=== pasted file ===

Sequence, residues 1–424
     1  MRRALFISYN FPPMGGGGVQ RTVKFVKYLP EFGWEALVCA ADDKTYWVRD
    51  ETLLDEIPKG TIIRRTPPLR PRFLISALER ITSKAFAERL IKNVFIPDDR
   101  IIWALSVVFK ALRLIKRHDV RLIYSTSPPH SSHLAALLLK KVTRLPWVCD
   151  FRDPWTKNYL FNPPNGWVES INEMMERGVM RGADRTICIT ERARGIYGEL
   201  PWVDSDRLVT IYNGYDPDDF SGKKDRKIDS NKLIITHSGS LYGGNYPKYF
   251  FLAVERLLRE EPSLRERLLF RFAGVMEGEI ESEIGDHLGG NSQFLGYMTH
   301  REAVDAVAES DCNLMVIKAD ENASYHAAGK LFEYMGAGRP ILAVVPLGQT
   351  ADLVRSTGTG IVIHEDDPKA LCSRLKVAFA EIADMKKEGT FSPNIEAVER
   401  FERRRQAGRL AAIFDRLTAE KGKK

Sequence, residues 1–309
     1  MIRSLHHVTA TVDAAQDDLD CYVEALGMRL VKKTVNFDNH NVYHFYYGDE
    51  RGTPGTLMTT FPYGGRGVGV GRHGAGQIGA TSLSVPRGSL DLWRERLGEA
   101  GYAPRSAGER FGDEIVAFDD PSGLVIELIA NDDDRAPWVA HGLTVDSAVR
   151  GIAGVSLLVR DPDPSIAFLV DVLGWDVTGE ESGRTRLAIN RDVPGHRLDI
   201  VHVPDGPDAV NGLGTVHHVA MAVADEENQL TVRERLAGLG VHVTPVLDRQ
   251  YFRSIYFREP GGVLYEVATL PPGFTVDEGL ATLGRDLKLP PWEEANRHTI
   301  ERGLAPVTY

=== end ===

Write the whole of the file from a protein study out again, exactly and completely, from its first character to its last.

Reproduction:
Sequence, residues 1–424
     1  MRRALFISYN FPPMGGGGVQ RTVKFVKYLP EFGWEALVCA ADDKTYWVRD
    51  ETLLDEIPKG TIIRRTPPLR PRFLISALER ITSKAFAERL IKNVFIPDDR
   101  IIWALSVVFK ALRLIKRHDV RLIYSTSPPH SSHLAALLLK KVTRLPWVCD
   151  FRDPWTKNYL FNPPNGWVES INEMMERGVM RGADRTICIT ERARGIYGEL
   201  PWVDSDRLVT IYNGYDPDDF SGKKDRKIDS NKLIITHSGS LYGGNYPKYF
   251  FLAVERLLRE EPSLRERLLF RFAGVMEGEI ESEIGDHLGG NSQFLGYMTH
   301  REAVDAVAES DCNLMVIKAD ENASYHAAGK LFEYMGAGRP ILAVVPLGQT
   351  ADLVRSTGTG IVIHEDDPKA LCSRLKVAFA EIADMKKEGT FSPNIEAVER
   401  FERRRQAGRL AAIFDRLTAE KGKK

Sequence, residues 1–309
     1  MIRSLHHVTA TVDAAQDDLD CYVEALGMRL VKKTVNFDNH NVYHFYYGDE
    51  RGTPGTLMTT FPYGGRGVGV GRHGAGQIGA TSLSVPRGSL DLWRERLGEA
   101  GYAPRSAGER FGDEIVAFDD PSGLVIELIA NDDDRAPWVA HGLTVDSAVR
   151  GIAGVSLLVR DPDPSIAFLV DVLGWDVTGE ESGRTRLAIN RDVPGHRLDI
   201  VHVPDGPDAV NGLGTVHHVA MAVADEENQL TVRERLAGLG VHVTPVLDRQ
   251  YFRSIYFREP GGVLYEVATL PPGFTVDEGL ATLGRDLKLP PWEEANRHTI
   301  ERGLAPVTY